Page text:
The Colorado Avalanche are set to challenge for the Stanley Cup this season. In a realigned West Division, the Avalanche will face tough opponents in the Vegas Golden Knights and St. Louis Blues. The rest of the division won’t be as much of a challenge, but the Avs still won’t be an easy ride. Among the rest of the group, which includes the Anaheim Ducks, Arizona Coyotes, Los Angeles Kings, Minnesota Wild, and the San Jose Sharks, the biggest sleeper threat this season just might be their 2019-20 first-round playoff foes: the Coyotes.
The Avalanche should make the playoffs and be in a battle for the top spot in the West Division. The Coyotes will likely struggle for points throughout the season and, in the best-case scenario, battle their way into the fourth playoff spot in the division. But, throughout a 2020-21 schedule that has the Avalanche circling certain meetings with the Golden Knights and Blues, the stage is set for the Coyotes to be the unexpected challenge for the Avs this season.
First Round Hangover
Prior to their season-opening loss on Thursday, the last two meaningful games the Coyotes played were against the Avalanche in the first round of the 2019-20 playoffs. The Avalanche were shaking off a Game 3 loss to Arizona and made sure to imprint their logo on the Coyotes’ collective memory by eliminating them with back-to-back 7-1 wins. Rosters turnover in the offseason, but it’s not unreasonable to believe that this Coyotes group will be looking to get some revenge or prove their worth against a Cup-contending team and make these games difficult for the Avalanche.
To make matters more interesting and potentially slippery for Colorado, six of the eight games against the Coyotes precede or follow games against Vegas. The first four games against the Coyotes are split around a stretch of four consecutive games against Vegas (including the outdoor game at Lake Tahoe). This adds some weight to the psychological challenge for the Avalanche.
With key Vegas matchups and the excitement of the outdoor game to focus on from Feb. 14-22, the Avalanche won’t want to get caught looking ahead during their first two games against the Coyotes. For the two games that follow the Vegas run, the Avalanche will need to regroup for a new opponent and avoid hitting the relax button too early when they see the Coyotes on the schedule.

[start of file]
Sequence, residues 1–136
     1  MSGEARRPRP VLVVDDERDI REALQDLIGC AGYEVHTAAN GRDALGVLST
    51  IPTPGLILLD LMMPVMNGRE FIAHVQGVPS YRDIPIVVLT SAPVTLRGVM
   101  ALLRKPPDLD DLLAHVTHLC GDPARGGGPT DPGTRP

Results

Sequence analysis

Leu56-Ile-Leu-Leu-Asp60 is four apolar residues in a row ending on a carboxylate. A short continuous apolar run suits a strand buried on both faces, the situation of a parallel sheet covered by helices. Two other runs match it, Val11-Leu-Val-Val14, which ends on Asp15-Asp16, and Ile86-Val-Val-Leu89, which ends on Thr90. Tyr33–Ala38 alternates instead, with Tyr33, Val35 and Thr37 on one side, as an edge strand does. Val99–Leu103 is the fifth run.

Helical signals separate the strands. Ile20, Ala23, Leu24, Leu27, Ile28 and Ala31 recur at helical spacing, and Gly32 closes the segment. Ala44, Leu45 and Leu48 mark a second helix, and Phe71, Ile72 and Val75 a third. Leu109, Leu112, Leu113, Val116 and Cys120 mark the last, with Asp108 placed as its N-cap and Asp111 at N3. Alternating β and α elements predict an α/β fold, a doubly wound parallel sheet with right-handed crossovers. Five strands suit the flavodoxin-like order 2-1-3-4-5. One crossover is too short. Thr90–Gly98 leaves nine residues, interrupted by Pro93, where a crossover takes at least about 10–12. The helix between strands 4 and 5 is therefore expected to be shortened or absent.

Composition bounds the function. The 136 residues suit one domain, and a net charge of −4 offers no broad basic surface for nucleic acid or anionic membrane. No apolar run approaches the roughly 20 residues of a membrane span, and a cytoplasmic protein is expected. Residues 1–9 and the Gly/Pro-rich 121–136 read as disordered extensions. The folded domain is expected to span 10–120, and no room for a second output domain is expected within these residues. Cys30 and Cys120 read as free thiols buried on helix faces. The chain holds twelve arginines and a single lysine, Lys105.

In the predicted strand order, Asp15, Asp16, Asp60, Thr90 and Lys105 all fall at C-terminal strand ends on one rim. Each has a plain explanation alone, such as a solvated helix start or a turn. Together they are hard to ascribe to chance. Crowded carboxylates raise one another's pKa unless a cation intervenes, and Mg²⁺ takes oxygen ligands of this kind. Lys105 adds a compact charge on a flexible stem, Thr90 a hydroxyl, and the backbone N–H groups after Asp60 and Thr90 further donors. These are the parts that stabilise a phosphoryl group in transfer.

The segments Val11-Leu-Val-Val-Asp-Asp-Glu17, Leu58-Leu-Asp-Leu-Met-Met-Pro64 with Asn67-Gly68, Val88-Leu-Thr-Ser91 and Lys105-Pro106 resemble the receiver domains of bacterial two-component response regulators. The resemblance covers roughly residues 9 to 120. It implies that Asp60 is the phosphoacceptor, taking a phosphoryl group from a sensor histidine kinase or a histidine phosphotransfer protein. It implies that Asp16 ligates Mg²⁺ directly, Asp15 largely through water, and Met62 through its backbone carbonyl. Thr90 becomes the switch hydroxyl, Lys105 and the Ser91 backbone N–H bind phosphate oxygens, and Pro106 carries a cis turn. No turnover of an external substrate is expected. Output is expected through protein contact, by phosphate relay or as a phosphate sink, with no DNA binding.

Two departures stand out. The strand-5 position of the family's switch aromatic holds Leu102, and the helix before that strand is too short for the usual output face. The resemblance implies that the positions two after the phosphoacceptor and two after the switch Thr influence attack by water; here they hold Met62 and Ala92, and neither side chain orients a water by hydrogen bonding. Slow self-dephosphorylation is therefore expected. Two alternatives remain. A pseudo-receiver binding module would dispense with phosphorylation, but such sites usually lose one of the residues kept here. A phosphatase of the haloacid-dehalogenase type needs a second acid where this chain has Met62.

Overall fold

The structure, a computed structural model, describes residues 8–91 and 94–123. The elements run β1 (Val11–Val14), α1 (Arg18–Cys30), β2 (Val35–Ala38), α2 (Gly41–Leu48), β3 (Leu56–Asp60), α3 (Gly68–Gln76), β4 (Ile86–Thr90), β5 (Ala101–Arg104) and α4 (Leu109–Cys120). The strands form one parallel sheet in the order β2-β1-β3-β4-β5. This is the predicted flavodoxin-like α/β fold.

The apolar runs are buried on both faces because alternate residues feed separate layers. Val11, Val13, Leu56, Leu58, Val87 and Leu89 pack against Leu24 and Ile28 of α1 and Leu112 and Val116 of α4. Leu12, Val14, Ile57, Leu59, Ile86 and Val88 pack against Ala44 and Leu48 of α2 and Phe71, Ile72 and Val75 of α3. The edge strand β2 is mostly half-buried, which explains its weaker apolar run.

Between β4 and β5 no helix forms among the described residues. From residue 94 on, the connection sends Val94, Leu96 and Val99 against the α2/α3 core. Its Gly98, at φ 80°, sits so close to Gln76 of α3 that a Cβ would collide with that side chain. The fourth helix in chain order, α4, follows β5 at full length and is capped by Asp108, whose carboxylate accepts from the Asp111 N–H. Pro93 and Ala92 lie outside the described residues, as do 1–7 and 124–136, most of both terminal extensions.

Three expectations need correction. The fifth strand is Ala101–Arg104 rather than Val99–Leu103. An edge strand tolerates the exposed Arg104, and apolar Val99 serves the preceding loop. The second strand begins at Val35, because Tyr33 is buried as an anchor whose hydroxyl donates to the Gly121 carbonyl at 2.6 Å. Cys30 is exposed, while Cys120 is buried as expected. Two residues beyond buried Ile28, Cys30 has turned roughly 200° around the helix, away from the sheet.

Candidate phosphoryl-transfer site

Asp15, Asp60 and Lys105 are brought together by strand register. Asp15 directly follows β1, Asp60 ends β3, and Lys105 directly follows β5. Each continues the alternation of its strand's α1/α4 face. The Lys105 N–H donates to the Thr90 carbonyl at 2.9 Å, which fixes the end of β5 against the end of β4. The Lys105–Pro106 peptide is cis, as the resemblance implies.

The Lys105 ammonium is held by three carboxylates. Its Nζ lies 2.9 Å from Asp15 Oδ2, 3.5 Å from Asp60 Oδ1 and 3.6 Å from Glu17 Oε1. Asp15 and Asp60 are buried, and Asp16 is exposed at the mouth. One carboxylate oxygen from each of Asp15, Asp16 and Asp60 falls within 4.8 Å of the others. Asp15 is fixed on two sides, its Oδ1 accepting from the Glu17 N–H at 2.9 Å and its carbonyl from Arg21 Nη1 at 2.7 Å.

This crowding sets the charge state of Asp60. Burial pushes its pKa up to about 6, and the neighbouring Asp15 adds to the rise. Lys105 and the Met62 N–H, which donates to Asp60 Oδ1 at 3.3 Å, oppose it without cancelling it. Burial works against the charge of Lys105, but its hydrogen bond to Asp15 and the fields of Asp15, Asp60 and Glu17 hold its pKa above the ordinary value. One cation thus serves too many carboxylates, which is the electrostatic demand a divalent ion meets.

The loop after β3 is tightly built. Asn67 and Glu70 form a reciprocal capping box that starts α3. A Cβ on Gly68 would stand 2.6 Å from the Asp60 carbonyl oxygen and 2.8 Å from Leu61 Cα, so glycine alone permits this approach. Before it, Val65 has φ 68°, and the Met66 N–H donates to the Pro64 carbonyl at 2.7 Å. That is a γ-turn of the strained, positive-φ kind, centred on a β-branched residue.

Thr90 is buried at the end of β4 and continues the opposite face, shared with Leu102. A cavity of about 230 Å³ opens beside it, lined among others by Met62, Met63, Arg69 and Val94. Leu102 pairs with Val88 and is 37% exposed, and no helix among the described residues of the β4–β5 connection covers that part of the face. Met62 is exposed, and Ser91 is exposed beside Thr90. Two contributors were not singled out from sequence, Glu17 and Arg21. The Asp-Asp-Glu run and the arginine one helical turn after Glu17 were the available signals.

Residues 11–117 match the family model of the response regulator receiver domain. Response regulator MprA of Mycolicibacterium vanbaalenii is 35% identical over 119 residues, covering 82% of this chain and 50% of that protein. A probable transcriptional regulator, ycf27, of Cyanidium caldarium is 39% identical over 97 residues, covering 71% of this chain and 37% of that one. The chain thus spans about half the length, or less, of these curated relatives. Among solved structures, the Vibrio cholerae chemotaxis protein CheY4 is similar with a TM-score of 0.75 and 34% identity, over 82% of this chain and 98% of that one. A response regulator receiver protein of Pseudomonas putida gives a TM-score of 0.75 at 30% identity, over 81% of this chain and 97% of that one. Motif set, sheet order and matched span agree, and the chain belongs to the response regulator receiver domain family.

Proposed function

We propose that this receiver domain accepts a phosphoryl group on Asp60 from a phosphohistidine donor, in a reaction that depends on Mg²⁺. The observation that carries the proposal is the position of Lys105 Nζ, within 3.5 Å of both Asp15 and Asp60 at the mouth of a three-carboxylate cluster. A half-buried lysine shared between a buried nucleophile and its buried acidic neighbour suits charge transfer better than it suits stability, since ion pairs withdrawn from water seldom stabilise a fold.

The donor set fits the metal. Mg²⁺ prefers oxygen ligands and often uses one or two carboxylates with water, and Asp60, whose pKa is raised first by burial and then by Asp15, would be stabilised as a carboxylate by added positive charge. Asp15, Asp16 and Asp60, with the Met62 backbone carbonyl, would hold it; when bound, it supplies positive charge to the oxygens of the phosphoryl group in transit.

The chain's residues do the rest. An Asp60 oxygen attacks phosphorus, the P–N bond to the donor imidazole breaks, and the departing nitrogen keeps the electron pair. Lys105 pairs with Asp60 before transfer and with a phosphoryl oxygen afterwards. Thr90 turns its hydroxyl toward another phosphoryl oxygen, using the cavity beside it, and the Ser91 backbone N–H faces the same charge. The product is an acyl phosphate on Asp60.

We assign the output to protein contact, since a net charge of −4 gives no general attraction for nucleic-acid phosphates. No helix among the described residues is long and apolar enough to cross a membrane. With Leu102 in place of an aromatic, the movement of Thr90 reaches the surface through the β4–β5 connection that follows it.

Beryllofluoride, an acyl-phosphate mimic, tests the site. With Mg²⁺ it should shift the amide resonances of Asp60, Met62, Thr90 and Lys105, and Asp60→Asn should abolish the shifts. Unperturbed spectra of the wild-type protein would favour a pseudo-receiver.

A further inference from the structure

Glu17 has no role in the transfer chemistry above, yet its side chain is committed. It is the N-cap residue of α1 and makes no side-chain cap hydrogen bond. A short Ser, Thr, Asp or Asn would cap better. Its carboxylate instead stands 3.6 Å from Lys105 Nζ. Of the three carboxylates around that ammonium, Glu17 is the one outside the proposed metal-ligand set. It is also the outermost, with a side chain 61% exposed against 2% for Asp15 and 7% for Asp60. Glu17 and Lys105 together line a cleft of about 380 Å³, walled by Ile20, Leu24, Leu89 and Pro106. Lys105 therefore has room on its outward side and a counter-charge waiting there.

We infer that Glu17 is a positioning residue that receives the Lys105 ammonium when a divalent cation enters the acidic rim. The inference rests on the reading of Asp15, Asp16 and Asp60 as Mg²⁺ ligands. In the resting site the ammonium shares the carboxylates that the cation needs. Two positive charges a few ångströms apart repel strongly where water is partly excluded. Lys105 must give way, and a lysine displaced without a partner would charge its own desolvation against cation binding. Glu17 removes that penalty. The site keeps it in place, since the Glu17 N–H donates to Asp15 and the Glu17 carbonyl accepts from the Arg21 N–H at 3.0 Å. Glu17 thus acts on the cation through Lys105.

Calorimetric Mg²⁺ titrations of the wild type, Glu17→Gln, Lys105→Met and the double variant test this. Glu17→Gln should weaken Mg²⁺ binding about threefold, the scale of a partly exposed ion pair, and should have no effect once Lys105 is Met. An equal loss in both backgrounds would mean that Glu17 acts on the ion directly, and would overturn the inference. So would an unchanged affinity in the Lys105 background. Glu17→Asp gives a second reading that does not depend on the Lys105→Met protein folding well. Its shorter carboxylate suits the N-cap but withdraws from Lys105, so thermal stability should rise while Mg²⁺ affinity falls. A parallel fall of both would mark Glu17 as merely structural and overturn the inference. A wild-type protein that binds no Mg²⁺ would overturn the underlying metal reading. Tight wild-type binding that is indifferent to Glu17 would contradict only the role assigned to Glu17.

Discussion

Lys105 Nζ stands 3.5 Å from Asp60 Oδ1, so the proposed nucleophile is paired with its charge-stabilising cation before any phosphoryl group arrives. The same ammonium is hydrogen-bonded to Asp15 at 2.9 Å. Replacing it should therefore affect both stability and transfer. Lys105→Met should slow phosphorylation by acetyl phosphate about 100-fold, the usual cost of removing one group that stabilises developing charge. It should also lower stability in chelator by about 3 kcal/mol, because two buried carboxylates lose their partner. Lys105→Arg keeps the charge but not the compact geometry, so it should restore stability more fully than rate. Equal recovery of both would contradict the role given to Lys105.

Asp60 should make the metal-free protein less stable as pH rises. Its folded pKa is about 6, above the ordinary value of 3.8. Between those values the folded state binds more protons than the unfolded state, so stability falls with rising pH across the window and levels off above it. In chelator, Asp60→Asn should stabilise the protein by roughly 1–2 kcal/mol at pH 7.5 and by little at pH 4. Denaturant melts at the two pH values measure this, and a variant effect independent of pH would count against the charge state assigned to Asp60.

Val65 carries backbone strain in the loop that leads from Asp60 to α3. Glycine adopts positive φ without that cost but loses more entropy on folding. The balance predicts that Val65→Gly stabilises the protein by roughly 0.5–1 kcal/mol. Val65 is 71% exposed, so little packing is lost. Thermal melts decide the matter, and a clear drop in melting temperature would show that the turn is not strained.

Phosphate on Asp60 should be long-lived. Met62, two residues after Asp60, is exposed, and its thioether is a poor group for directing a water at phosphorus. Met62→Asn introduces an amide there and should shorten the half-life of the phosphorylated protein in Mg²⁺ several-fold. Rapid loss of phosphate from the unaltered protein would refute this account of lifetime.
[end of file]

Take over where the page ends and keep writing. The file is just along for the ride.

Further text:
Defensive Strength Tested
The power of the Avalanche’s top-six forwards is a known treasure around the league. With the addition of Andre Burakovsky, Nazem Kadri, and Brandon Saad over the past two seasons, their top six can rival any first and second lines.
This doesn’t mean that their defensive depth is weak. But with the addition of Devon Toews and the absence (however brief) of a veteran presence in Erik Johnson, the defensive core will need some time to get to know one another. Some new combinations will be in play and will need to be worked out over the first few games, as was clear in the 2020-21 opener against St. Louis.
Despite losing Taylor Hall in the offseason, the Coyotes are a team with unique offensive weapons in straight shooter Phil Kessel (who will hope to rebound), Nick Schmaltz (who missed the playoff series against the Avs) and, on the backend, veteran Oliver Ekman-Larsson. The Coyotes may not win games by five goals, but their offensive potential shouldn’t be shrugged off because they lack a clear or consistent superstar offensive threat. They can still expose a defensive group that isn’t quite familiar with each other.
The Coyotes also added more grit up front in Tyler Pitlick and Derick Brassard. These acquisitions signal a desire to want to follow a Blues-style of play by balancing a heavier presence and skill. Regardless of where the inspiration comes from, the Coyotes will be harder to control from the defensive side for Colorado. The Avalanche have worked to balance their defensive core, but some of their key players are still quite young and relatively inexperienced. Cale Makar, Samuel Girard, and Conor Timmins all 22 years old.
With Bowen Byram looking to get into some action, the group will only get younger. This young and sometimes smaller group (Makar and Girard are under six feet tall) will be hit hard by a Coyotes team looking to grind pucks loose and feed their shooters. This grind and snipe combination is meant to wear down a defensive core and could present a challenge, but the speed and puck-moving skill of the Avalanche defense is designed to combat and neutralize this hard forecheck.
As much as Avalanche fans might like to think that Colorado solved Darcy Kuemper in the final two games against the Coyotes in the 2019-20 playoffs, Kuemper can shut down an offense without warning. What adds to this potential threat is that backup goaltender Antti Raanta seemed to return to form last season as well.
The Avalanche offense went quiet against the Blues in the 2020-21 season opener (including going 1-for-4 on the power play), forcing head coach Jared Bednar to shuffle the lines and look for a spark. There’s no need to overreact based on a loss in the first game, but a midseason meeting with a strong Kuemper and Raanta combination could frustrate an offense, even one as loaded as Colorado’s. However, the Coyotes rely on the strength of their goaltender more than most teams, and a tiring schedule might offer some relief by the time the Avalanche meet up with Arizona.
The Avalanche are the better team heading into this season and should finish well above the Coyotes in the standings, but circumstances around 2020-21 have created the potential for tight battles when these teams meet. There isn’t a reason for panic, nor is this an attempt to incite fear. It’s a note for the Avalanche and fans to walk lightly in the desert and don’t shrug off the Coyotes in Denver. It’s a reminder that every game will have something special to offer this season and be worth the watch.